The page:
A Pentecost column: The Holy Spirit in our times

June 8, 2014 at 11:31am

Since the beginning of this year, I have been signing all my letters, emails, and personal messages with the phrase “Peace and Joy”. In doing so, I was motivated by the insight that these states of a person’s and community’s being are the consequence of the seven gifts of the Holy Spirit: wisdom, understanding, counsel, knowledge, fortitude, piety, and fear of the Lord (which encompasses wonder and awe).


In one of his weekly General Audiences in St. Peter’s Square, Pope Francis spoke of the Holy Spirit as the inexhaustible source of God’s life in us. The Holy Spirit is the living water that “quenches the thirst in our lives because he tells us that we are loved by God as his children, that we can love God as his children and with his grace we can live as children of God, like Jesus, the Pope continued. Indeed, it is the Spirit of God that vivifies, empowers and sanctifies. The living water of the Holy Spirit, the pope said, is a gift from the resurrected Christ “who dwells in us, purifies us, renews us, transforms us so that we can share in the life of God who is love.” Yet Jesus Christ did not reveal the Holy Spirit fully, until he himself has been glorified through his Death and Resurrection.


The Acts of the Apostles tells us how the Holy Spirit, as promised by the Lord Jesus Christ, descended upon the apostles to give then strength and free them from fear and desolation. With the death of our Lord and Master Jesus Christ, fear and the feeling of abandonment overcame his followers. Confusion and uncertainty reigned over them. Maybe, foremost in the minds of the apostles was to doubt what Jesus said that He was the Son of God. But Jesus did not abandon them. He promised to ask his Father, who would give them another advocate to help them and be with them forever. And so the scripture says: “ . . .  suddenly there came from the sky a noise like a strong driving wind, and it filled the entire house in which they were. Then there appeared to them tongues as of fire, which parted and came to rest on each one of them. And they were all filled with the Holy Spirit and began to speak in different tongues, as the Spirit enabled them to proclaim.” From being a terrified and hopeless group the apostles, filled with the Holy Spirit, became men of courage suffused with missionary zeal.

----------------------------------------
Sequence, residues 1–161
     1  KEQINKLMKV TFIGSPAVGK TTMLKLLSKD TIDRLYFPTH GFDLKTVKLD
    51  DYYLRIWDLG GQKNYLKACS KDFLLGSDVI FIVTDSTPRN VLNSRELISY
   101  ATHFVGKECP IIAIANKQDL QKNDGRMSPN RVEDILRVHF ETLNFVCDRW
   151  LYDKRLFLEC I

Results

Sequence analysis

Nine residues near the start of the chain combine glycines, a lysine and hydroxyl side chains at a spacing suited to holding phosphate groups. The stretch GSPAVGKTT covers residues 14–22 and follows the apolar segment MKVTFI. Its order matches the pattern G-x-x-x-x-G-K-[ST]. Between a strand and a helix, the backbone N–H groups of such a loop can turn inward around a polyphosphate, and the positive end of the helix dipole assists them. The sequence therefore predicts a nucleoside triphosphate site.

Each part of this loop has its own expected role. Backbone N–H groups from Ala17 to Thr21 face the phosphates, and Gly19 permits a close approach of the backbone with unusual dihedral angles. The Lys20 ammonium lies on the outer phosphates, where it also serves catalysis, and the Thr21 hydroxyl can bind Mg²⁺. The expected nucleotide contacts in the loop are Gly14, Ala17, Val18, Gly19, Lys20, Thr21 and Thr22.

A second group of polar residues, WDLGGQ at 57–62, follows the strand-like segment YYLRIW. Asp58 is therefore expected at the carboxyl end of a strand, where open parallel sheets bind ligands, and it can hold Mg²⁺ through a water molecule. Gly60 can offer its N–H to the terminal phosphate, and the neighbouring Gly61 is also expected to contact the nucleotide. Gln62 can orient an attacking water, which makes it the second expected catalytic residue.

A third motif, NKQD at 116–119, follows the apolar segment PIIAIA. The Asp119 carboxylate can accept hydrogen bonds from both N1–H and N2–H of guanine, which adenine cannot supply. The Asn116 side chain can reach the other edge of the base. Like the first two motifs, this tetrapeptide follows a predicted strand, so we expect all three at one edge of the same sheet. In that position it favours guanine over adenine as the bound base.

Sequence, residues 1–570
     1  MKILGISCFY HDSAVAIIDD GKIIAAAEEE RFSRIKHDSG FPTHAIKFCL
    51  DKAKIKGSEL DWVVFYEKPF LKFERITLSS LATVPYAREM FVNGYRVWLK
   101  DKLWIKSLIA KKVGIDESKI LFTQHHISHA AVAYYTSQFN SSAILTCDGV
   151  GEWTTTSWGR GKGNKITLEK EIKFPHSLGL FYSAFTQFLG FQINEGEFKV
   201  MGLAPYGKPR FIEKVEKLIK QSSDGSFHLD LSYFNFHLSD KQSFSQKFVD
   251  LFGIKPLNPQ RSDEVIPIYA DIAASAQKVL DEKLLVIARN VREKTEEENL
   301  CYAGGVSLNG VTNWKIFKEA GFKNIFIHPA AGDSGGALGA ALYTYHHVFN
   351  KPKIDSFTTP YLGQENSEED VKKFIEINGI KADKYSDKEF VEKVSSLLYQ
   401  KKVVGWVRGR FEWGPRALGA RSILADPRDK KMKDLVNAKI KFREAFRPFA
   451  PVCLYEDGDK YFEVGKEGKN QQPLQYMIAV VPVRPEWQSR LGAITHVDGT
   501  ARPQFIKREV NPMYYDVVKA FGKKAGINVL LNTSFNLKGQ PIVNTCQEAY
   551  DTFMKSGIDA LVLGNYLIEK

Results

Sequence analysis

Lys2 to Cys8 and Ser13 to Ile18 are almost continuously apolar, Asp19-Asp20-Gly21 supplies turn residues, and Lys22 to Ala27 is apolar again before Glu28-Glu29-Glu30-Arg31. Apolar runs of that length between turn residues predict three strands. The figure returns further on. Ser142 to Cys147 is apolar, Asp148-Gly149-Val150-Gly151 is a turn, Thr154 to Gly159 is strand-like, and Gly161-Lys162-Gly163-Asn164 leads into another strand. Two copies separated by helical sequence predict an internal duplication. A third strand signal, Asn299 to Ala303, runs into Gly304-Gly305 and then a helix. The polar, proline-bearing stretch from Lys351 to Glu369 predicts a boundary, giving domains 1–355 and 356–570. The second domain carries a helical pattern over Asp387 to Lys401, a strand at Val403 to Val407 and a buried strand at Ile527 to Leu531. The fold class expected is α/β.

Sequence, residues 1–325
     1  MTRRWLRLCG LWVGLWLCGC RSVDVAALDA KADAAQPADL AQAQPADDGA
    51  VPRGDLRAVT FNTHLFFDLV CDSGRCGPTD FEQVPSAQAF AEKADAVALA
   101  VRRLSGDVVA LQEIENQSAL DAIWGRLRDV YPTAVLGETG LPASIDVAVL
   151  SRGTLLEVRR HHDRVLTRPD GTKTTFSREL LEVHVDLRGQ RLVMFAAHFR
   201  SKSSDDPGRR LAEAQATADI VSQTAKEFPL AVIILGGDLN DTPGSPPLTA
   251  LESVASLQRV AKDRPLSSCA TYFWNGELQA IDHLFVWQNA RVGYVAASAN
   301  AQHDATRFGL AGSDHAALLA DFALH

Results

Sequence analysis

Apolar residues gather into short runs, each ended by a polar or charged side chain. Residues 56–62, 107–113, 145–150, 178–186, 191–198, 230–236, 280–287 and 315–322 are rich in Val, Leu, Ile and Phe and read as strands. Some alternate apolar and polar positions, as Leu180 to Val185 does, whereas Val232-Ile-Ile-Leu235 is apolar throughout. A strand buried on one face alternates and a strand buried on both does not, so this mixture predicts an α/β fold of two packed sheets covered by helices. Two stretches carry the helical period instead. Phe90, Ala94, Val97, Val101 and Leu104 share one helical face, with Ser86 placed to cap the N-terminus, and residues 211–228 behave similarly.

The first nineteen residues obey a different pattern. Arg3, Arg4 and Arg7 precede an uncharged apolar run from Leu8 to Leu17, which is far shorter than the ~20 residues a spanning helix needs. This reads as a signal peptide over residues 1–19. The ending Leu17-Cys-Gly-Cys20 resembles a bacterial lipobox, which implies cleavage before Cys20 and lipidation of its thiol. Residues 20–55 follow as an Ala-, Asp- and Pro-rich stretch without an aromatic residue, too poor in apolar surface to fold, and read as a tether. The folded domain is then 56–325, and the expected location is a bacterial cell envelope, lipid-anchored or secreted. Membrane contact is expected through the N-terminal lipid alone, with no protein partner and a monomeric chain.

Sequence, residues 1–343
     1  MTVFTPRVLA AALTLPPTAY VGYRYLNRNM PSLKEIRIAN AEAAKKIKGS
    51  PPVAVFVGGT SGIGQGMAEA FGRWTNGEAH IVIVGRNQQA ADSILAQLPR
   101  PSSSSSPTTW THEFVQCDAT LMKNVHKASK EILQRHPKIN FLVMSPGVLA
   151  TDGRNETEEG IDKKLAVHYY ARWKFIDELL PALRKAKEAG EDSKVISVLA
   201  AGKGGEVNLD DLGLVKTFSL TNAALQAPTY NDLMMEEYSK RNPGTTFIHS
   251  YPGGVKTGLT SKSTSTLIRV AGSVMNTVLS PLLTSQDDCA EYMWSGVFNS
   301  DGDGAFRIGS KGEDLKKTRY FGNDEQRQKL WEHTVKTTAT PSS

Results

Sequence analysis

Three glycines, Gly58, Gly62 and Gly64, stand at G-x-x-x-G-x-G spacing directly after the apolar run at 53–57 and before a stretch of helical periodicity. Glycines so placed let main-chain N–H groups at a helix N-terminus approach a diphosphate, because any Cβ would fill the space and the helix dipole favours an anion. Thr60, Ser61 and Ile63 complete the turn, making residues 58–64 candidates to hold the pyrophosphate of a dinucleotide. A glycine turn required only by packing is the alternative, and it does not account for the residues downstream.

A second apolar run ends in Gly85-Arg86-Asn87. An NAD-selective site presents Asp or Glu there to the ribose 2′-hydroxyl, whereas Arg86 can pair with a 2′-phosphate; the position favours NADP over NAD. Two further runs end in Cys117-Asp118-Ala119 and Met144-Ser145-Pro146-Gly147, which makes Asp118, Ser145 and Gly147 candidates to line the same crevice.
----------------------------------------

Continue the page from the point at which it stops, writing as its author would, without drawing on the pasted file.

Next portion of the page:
Throughout the ages the Holy Spirit has worked in the most mysterious ways. He spoke through the prophets of old to preach the message of God’s love and mercy and reminded His chosen people to turn their back from their wicked ways. Over the ages, we have seen how the Spirit of God guided and protected His chosen people especially during the most trying times. He anointed people as messengers to spread His message of love and mercy.


Even in our times, the Holy Spirit remains at work. The recent canonization of Popes John XXIII and John Paul II reminds us once again of the abiding care of God’s holy presence. These Saints during their lifetime had demonstrated heroic virtues and became great actors in the world stage not through their own merits but because of the inspiration of God’s spirit.


In our present times, when faith is waning among so many, when many practices threaten the very moral foundations of societies, when many are locked in bitter conflict and hatred abound in many quarters of the world, God has chosen a pope who is not afraid to preach the gospel of Christ’s salvific power. Pope Francis’ election as the current leader of the 2 billion strong Catholic Church is not a happenstance or a chance occurrence. Recall that he was never a frontrunner during the conclave to elect the new Pope.. No one had expected much of him because of his advanced age—advanced even by the standards of the Collage of Cardinals. Yet even in the early days of his pontificate, Pope Francis has surprised many—in a positive way—by his actions and pronouncements. He continues to serve as an inspiration, give hope and rekindle the faith of so many. Surely, the Holy Spirit is at work here.


This Pentecost Sunday we need to reflect on how the Spirit of God moves and influences our very thoughts and actions. It is to remind us once again to take to heart the exhortation of Pope Francis when he said:  “Let us be guided by the Holy Spirit, allow him to speak to our hearts and he will tell us this: that God is love, he’s always waiting for us, he is a father who loves us like a real dad and only the Holy Spirit can tell our hearts this,” he said. And he continuous, “We have to listen to the Holy Spirit who is inside us!” … “What does he tell us? That God is good, that God is a father, that he loves us and always forgives us.”